CalPERS’ private equity portfolio underperformed its benchmark by 3.3 percent last fiscal year – but that’s only one of the reasons that the country’s largest public pension fund is putting its private equity benchmarks under review.

Reported by Pensions & Investments:

CalPERS’ $31 billion private equity portfolio has underperformed its policy benchmark over both long- and short-term periods, shows a review of the program, but pension fund officials feel part of the problem is that the benchmark seeks too aggressive a return and are seeking revisions.

The private equity staff review, to be presented to the investment committee Dec. 15, shows that as of June 30 the private equity portfolio produced an annualized 10-year return of 13.3%, compared to its custom policy benchmark of 15.4% annualized.

Over the shorter one-year period, CalPERS’ portfolio returned 20%, compared to the benchmark’s 23.3%; over three years, it returned 12.8% annualized compared to the benchmark’s 14.5%; and over five years, it returned 18.7% compared to the benchmark’s 23.2%.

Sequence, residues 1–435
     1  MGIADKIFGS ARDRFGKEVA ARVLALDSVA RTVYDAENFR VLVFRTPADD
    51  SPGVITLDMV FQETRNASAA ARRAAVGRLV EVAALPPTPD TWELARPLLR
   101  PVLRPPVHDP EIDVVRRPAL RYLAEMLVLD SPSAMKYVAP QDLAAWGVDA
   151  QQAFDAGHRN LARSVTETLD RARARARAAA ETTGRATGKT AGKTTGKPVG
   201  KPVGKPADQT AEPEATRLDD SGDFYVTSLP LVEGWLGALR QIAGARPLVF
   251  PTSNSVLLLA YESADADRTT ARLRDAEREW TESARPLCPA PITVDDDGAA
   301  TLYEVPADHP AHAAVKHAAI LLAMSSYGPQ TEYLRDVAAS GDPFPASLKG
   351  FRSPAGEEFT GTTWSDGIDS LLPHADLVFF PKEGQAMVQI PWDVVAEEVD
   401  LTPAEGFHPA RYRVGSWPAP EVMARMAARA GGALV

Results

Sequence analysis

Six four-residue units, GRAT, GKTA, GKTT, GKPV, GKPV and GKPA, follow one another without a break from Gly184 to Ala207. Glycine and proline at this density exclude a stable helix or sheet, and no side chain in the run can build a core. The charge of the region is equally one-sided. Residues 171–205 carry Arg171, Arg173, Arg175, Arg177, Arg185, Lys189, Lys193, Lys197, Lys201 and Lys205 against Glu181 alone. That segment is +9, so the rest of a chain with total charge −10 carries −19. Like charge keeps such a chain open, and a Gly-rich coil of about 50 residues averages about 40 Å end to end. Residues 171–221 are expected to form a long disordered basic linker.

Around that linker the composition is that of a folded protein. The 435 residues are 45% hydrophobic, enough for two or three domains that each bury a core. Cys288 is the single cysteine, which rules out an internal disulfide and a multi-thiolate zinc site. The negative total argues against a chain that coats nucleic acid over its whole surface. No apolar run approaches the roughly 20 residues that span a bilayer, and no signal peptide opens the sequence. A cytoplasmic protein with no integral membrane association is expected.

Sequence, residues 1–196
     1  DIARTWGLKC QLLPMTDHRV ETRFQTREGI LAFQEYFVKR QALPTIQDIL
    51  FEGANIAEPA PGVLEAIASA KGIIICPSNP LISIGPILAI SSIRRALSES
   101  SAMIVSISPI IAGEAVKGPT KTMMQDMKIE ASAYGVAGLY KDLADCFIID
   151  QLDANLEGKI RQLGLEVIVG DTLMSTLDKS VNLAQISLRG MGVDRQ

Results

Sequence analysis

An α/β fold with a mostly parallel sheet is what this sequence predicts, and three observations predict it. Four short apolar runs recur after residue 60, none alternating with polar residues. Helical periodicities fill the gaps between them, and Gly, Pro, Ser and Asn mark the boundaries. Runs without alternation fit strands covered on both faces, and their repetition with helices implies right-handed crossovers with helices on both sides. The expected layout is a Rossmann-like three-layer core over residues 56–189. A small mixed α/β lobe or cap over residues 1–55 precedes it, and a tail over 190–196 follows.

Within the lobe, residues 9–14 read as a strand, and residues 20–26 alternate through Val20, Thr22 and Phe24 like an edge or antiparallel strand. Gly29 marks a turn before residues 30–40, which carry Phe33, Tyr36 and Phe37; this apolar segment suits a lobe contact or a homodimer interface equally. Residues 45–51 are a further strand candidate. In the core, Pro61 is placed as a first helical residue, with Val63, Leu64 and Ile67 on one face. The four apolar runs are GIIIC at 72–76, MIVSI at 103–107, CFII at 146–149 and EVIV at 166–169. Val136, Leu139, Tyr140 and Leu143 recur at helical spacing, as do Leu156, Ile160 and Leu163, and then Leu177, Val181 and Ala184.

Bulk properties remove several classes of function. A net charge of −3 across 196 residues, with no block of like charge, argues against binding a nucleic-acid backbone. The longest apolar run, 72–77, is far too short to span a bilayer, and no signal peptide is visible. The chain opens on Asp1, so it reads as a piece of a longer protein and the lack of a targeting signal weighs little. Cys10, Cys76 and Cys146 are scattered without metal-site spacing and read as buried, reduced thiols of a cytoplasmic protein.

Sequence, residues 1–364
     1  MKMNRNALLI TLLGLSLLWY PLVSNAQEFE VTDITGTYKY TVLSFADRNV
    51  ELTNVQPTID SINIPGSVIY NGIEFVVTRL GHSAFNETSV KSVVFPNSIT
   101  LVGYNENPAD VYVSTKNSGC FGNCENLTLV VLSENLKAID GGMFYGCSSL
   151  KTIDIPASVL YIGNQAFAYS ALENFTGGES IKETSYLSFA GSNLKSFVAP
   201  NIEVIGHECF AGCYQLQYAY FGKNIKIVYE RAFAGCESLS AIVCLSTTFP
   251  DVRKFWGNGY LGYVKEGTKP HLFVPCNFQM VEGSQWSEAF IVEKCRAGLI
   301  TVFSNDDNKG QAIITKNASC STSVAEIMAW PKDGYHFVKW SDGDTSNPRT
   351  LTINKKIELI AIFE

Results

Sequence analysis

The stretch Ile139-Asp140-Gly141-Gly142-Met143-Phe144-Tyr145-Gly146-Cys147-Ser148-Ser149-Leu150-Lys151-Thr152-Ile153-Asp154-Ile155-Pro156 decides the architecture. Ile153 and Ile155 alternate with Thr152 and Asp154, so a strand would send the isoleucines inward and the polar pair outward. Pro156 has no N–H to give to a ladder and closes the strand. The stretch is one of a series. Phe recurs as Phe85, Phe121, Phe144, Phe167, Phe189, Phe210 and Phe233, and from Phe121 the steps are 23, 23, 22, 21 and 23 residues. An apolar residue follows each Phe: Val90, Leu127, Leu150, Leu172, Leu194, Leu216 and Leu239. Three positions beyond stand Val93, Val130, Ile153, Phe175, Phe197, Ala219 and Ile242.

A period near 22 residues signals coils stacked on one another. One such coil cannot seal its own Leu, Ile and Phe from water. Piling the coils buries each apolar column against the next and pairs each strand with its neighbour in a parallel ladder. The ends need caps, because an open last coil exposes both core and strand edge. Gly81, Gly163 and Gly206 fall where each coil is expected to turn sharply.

But the report says the benchmark — which is made up of the market returns of two-thirds of the FTSE U.S. Total Market index, one-third of the FTSE All World ex-U.S. Total Market index, plus 300 basis points — “creates unintended active risk for the program, as well as for the total fund.”

California Public Employees’ Retirement System investment officials have said publicly at investment committee meetings that they feel the private equity benchmark they are shooting to outperform is too aggressive.

CalPERS manages $295 billion in assets, of which $31 billion is private equity.


Photo by  rocor via Flickr CC License

CalPERS CEO Addresses Stockton Ruling

The CalPers Building in West Sacramento California.
The CalPERS building in West Sacramento, California.